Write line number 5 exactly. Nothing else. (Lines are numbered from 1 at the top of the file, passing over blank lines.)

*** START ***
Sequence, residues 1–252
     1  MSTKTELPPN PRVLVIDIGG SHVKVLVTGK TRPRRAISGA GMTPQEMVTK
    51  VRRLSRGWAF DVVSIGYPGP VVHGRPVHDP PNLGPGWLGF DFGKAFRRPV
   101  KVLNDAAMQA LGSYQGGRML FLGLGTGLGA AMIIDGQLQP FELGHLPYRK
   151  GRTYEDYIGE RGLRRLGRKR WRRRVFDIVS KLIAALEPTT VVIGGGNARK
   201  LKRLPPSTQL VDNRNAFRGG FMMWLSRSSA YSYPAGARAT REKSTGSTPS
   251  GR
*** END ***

   151  GRTYEDYIGE RGLRRLGRKR WRRRVFDIVS KLIAALEPTT VVIGGGNARK